Jeff King <> writes:

> Although I am still not clear on why it would not be up to the caller of
> git-describe in the first place to decide which they wanted.

Thanks for a dose of sanity.

Even though the part of the miniseries that makes sure that "X (Y)"
output from "name-rev" always satisfies that "rev-parse" on X and Y
give the same thing is an improvement, the whole thing about
"describe" is misguided and wrong, I think.

It started from the observation that these do not match:

    $ git describe $(git rev-parse v1.8.3)
    $ git describe --contains $(git rev-parse v1.8.3)

and the miniseries veered in a wrong direction of "fixing" the
latter to match the former.

But the thing is, what is incosistent from the rest of the world is
the describe output without "--contains" for a commit that is
exactly at a tag (i.e. the former), and there is no need to "fix"
this "inconsistency", as we see below.

The form without "--contains" in general reads like this:

    $ git describe --long $(git rev-parse v1.8.3) a717d9e

They both name a commit object, but that is sort of an afterthought;
the support for describe name came late at 7dd45e15 (sha1_name.c:
understand "describe" output as a valid object name, 2006-09-20).

The primary purpose of "git describe" without "--contains" is to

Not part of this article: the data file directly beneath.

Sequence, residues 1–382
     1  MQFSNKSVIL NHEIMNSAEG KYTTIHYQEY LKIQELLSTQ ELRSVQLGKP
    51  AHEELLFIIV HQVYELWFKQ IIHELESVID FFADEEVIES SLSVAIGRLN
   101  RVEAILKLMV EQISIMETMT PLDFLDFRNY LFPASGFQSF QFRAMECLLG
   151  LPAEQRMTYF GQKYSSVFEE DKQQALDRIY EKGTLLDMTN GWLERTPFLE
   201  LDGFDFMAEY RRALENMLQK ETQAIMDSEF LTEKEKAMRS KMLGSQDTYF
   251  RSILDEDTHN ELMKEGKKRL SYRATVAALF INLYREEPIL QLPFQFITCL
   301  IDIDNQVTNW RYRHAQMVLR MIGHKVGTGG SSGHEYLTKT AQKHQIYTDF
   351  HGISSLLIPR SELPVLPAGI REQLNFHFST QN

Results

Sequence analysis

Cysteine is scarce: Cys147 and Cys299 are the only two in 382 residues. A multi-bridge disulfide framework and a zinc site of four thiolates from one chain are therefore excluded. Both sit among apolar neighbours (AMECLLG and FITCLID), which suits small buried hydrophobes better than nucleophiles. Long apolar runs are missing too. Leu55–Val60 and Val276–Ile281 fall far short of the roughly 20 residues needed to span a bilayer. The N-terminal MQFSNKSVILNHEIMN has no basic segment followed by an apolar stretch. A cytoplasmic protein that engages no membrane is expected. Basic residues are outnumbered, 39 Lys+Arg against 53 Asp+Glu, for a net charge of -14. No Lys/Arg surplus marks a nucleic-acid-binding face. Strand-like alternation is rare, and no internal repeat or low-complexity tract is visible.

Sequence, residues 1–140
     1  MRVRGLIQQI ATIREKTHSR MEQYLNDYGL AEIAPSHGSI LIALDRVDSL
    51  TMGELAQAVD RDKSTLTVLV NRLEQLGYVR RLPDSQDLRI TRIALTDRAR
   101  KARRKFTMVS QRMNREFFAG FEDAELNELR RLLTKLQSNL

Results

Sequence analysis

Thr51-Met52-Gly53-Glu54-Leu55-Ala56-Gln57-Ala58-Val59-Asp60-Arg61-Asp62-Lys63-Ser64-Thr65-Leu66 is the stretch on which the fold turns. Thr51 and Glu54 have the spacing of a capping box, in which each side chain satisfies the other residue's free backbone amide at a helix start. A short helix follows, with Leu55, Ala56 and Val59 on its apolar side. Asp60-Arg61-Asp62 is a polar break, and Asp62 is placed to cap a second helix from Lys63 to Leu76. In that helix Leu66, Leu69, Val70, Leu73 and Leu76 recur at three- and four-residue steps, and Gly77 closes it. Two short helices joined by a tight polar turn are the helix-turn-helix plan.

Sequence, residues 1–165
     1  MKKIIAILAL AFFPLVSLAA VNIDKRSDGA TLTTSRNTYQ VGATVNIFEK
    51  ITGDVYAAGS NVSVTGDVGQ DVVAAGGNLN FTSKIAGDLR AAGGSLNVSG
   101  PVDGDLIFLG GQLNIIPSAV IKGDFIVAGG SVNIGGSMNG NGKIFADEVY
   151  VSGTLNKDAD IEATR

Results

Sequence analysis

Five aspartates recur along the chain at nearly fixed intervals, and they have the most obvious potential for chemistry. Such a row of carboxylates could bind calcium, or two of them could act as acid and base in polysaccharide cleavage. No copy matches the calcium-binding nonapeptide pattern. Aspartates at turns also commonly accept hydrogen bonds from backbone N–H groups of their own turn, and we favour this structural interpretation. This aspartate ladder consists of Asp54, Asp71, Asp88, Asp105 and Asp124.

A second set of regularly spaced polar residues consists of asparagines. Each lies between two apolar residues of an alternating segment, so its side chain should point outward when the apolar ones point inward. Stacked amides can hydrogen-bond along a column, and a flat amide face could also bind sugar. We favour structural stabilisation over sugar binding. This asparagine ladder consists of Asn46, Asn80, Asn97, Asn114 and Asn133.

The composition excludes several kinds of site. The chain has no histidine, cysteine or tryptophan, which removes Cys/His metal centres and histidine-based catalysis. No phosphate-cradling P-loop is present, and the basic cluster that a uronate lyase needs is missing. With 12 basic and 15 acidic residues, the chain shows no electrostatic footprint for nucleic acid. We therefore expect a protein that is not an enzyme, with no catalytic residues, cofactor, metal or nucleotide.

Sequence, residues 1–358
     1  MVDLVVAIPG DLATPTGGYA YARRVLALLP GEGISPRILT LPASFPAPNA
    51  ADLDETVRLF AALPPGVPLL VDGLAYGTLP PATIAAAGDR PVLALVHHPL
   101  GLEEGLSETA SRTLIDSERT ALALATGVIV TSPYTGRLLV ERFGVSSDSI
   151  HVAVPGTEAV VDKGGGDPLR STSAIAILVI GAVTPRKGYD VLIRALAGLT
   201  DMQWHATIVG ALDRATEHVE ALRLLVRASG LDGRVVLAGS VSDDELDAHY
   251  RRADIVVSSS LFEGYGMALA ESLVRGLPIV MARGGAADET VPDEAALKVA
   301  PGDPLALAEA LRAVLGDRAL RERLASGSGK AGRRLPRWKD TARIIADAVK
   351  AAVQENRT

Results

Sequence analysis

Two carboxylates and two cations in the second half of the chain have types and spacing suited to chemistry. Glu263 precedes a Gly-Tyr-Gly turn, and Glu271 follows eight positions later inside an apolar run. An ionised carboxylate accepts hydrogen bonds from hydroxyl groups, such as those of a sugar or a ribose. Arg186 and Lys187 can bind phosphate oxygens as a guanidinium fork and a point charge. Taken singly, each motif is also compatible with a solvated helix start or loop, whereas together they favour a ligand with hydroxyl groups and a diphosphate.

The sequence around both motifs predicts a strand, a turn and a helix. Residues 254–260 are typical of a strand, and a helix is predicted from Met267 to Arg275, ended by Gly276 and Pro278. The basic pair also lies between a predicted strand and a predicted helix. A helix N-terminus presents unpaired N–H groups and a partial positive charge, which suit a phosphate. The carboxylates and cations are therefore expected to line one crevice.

give a string that is suitable for a version number to be embedded
in an executable.  For that purpose, "v1.8.3" is more convenient
than "v1.8.3-0-gedca415".

But this convenient format breaks the consistency.  While any other
describe name for a commmit names a commit, the output for a commit
that is exactly at a tag does not (in ancient times, describe output
were not even extended SHA-1 expressions, so this inconsistency did
not matter, but the "afterthought" brought the consistency to the
foreground).  The user chooses the convenience over the consistency
by not using "--long".

And the short form cannot be "v1.8.3^0" or "v1.8.3~0" for the sake of
"consistency", as these are no more suitable as a version number
than a short and sweet "v1.8.3".

The "--contains" form does not even aim to come up with a pleasant
looking version string without using funny line noise characters, so
it is perfectly fine for it to say:

    $ git describe --contains $(git rev-parse v1.8.3) a717d9e

and these are internally consistent (they both roundtrip via
rev-parse).  Stripping "^0" from the former will break the
consistency, even though it may make the output look prettier, but
the "--contains" output is not even meant to be "pretty" in the
first place.

So let's drop 4/4; it is breaking the system by trying to solve a
problem that does not exist.
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